How higher inflation and rising interest rates will test Asia’s buoyant property market
- Asia’s real-estate sector benefits from relatively strong fundamentals and reliable demand that should limit any fall in prices
- Given huge demand for home ownership and the large amount of capital waiting to be deployed, Asian property should continue to perform well
Several Asian central banks are behind the curve in battling inflation and are being forced to raise rates more aggressively than expected. Not only is it unclear how high rates will go, there is uncertainty over the severity of a policy-induced economic downturn. “Right now, the cost of debt is top of mind. We’re past peak pricing,” said Greg Hyland, head of capital markets Asia-Pacific at CBRE.
The residential market is repricing the fastest. A report by Standard & Poor’s published on June 16 singled out New Zealand, Australia and South Korea as the most exposed because of developed economies’ greater sensitivity to moves in rates and excessively high household debt.
Average rates on long-term fixed-rate mortgages for new owner-occupiers and investors in Australia have jumped to between 4.1 and 4.5 per cent, a full percentage point higher than at the start of this year.
It is not just the higher cost of debt that is dampening investment activity. Higher construction costs and concerns about the security of income in a much weaker economic environment are also having an adverse impact on sentiment.
Last year, rental yields on prime logistics assets in Melbourne and Sydney fell by a further 75 to 125 basis points, to close to 3.5 per cent, according to data from JLL. This is near the level at which Australia’s 10-year bond yield now stands, showing the extent to which the yield advantage has eroded.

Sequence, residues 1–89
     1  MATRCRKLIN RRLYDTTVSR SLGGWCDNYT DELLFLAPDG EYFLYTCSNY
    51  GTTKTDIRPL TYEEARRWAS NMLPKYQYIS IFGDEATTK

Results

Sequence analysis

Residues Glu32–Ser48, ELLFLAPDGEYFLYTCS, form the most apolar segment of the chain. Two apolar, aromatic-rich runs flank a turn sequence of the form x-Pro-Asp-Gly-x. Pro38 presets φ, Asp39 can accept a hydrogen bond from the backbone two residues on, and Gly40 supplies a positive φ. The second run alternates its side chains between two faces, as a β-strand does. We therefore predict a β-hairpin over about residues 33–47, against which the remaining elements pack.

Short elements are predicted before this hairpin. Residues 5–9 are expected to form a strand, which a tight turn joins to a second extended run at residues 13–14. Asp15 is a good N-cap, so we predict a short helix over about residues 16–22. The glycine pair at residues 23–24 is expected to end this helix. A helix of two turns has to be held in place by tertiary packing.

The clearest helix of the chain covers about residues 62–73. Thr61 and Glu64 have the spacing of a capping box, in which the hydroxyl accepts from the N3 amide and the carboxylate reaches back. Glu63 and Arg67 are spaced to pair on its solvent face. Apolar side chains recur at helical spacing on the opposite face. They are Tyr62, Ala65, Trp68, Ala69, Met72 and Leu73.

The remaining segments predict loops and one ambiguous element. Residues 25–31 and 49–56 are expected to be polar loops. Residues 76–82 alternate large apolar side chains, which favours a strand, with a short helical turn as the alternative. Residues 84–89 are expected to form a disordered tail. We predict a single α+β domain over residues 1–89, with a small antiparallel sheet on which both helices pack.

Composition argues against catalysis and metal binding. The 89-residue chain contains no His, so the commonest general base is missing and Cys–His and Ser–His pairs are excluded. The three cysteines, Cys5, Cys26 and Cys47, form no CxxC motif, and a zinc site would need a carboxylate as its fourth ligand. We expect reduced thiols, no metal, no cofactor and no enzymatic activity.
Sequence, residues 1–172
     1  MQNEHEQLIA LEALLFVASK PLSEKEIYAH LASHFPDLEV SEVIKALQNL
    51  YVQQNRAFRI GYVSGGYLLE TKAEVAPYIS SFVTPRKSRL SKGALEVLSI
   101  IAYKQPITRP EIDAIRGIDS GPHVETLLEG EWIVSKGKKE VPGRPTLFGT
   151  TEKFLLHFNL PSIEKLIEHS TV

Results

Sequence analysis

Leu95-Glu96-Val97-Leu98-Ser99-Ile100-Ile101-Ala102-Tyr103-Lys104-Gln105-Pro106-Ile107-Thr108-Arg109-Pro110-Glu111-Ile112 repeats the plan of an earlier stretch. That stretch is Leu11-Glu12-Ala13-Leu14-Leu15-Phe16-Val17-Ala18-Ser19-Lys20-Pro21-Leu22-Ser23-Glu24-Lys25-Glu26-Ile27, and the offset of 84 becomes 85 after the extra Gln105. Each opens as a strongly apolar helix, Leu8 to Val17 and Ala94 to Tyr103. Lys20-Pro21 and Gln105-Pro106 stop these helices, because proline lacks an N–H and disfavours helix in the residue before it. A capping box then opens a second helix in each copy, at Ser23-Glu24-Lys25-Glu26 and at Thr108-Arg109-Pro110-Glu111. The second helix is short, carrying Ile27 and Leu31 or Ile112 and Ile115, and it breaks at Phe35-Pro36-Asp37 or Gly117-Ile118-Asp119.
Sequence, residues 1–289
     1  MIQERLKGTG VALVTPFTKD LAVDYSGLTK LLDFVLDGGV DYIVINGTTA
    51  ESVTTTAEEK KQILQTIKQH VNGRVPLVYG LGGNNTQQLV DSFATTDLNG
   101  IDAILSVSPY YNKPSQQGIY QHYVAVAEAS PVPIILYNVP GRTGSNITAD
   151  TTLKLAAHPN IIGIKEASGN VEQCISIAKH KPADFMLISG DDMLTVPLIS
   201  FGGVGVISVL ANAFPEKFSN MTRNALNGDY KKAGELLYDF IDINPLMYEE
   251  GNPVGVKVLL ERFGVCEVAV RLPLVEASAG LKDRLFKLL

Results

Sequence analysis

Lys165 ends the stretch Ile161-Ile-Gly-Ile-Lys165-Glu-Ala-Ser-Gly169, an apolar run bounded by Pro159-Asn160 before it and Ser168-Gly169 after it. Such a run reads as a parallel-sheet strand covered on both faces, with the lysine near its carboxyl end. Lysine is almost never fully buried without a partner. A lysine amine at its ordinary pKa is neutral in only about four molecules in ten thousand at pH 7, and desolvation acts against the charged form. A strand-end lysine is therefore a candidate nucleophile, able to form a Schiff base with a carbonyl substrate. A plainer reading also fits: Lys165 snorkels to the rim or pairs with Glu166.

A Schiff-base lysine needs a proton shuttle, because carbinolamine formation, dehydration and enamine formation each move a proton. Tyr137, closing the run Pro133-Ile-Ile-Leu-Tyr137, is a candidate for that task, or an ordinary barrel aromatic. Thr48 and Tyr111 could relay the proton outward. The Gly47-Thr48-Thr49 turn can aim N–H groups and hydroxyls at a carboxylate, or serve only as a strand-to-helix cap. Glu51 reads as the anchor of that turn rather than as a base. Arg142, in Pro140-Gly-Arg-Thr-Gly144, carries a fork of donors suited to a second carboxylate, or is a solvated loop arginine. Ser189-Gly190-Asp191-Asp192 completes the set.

The end to super-cheap money will also accelerate the divergence between prime and secondary properties. JLL estimates that there is more than US$40 billion worth of unrealised value in ageing and underperforming real estate in Asia. As rates move up, prices of lower-quality buildings, especially ones that do not meet sustainability standards, will fall more sharply.
Moreover, the level of financial distress in the commercial sector is negligible. Many owners have strong holding power, while the investor base has changed significantly as markets have matured. “There are many more ‘core’ buyers that have limits on leverage,” said Stuart Crow, chief executive of Asia-Pacific capital markets, at JLL.
To be sure, the end of the era of low rates and low inflation poses big challenges for Asia’s property industry, with a strong likelihood that risks are being underpriced in some markets. But, given the huge demand for home ownership and the large amount of capital waiting to be deployed into commercial real estate, Asian property should continue to perform well.
Nicholas Spiro is a partner at Lauressa Advisory